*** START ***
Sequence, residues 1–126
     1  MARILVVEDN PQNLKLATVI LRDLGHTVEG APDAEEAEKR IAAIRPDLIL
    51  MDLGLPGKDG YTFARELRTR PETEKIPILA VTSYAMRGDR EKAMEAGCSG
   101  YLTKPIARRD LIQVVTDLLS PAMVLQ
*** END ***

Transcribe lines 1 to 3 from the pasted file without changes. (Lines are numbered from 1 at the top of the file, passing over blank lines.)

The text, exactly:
Sequence, residues 1–126
     1  MARILVVEDN PQNLKLATVI LRDLGHTVEG APDAEEAEKR IAAIRPDLIL
    51  MDLGLPGKDG YTFARELRTR PETEKIPILA VTSYAMRGDR EKAMEAGCSG